• Look at the sending address. Is it unfamiliar? Is it your own email address?
  • Does it look like they're using an unusual font for the body of the email?
  • Is the wording unusual?

Password Scam Email Example

pps example

Online Directory Attacks

Online Directory Attacks

Utah Valley University recently moved from having contact information for most faculty and employees easily available online to using an online directory messaging system. With this messaging system, someone can send a message to anyone in the directory, and can pretend to be anyone by giving any name they want to and any email address they want to. This opens the door for scammers to trick you. Below is an example of a gift card scam that was sent using the UVU online directory messaging system, but any other type of spam can also be sent using this method. The email will be from [email protected], but the sender also has to give an email address which is included in the message body. Scammers might try to make the email look like a legitimate email to trick you into thinking they're someone they aren't. Always keep in mind that other faculty and employees that have Outlook will easily be able to find your email address and email you directly, so if it appears that someone from UVU is using the online directory messaging system to contact you it could be a scam.

How to identify an online directory attack:

  • Does the message appear to be from another UVU employee? They should be able to directly email you instead of using the online directory messaging system, so it might be a scam.
  • Does the content of the message seem unusual or include poor grammar or misspellings?
  • Is there a sense of urgency to the email?
  • Is the sender giving you instructions of some kind or telling you to do something?
  • Does it look like one of the other email attacks on this webpage?

Online Directory Attack Email Example

online directory spam example

Voicemail Scams

Voicemail Scams

Utah Valley University does send out legitimate emails when you receive a voicemail, but there are also scammers out there that try to trick you into clicking on malicious links. The legitimate UVU voicemail emails will always be from [email protected] with a link inside the email that, when hovered over, will show that it goes to an website. The scammers behind the fake voicemail emails will try to make them look legitimate, but the best ways to spot them is by looking at the from address and looking where the link is going to take you before clicking on it.

How to identify a voicemail scam:

  • Look at the from address. If it's anything except [email protected], it's not legitimate.
  • Hover over the link before clicking on it. If it doesn't go to an website, it's not legitimate.
  • The content in the email will usually look unusual, including random symbols, misspellings, and the content might look unorganized.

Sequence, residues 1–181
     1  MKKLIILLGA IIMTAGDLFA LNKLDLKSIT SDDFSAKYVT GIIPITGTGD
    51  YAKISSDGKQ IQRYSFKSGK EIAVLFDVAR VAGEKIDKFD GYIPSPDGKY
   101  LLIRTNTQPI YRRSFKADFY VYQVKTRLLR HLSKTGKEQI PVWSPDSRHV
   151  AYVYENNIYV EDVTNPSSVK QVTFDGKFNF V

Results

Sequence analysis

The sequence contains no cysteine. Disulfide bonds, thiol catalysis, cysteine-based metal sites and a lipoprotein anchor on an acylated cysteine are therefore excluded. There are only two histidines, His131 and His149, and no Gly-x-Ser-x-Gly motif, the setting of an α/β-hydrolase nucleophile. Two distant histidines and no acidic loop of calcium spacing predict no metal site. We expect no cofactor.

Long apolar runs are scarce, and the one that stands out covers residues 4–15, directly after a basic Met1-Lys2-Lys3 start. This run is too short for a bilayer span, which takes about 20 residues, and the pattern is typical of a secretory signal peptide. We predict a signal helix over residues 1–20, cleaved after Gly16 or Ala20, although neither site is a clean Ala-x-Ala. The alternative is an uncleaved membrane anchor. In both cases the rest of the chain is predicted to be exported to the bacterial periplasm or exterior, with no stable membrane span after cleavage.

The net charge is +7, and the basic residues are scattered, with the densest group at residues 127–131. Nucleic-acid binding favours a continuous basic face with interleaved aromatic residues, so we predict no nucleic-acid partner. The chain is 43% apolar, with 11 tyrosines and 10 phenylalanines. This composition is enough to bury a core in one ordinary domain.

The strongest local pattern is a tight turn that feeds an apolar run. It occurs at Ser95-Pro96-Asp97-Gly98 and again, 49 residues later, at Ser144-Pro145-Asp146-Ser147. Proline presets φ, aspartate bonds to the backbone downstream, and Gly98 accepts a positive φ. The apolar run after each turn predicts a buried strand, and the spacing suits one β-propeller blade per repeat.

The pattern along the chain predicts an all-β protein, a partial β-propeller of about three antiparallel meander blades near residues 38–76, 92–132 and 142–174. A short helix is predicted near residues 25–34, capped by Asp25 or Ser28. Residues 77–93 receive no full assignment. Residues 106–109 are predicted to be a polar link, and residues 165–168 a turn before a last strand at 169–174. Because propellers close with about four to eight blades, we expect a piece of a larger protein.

• If you're ever uncertain, please forward the email to [email protected] and we can assist you.

Voicemail Scam Email Example

voicemail scam example

Personal Assistant Scam

Personal Assistant Scam

We are currently receiving an email attack that is designed to look like a legitimate job offer, but ultimately the scammer is trying to trick you into giving away sensitive private information, such as banking information, personal identification documentation, or even your username and password. This kind of email can be sent from almost any kind of email address, even UVU employee emails that have been hacked. What happens is that a scammer will get the login credentials of a UVU employee from a different phishing scheme, and then they'll use that employee's email account to send out another scam to all of that employee's contacts. This personal assistant scam is setup to get someone committed to the offer before they know what it is they're giving away. The initial email starts with an enticing offer of hundreds of dollars weekly for only a couple hours of work, and all they ask for is some basic information like your home address, phone number, and age. When you give them this initial information, they will try to email back and forth with you for a couple emails, and then once they know you're committed to the offer they'll trick you into giving away sensitive private information. Ultimately, if it seems too good to be true, it probably is, and $100/hour for a personal assistant job is definitely too good to be true.

How to identify a personal assistant scam:

  •  If it seems too good to be true, it probably is.
  • Is there any unusual punctuation, spelling, or paragraph organization?
  • Does the email ask you to respond to a different email address than the one that sent the email?
  • Is the email asking for personal information?
  • Are you still uncertain? Forward the email to [email protected] and we can assist you.

Personal Assistant Scam Email Example

personal assistant scam example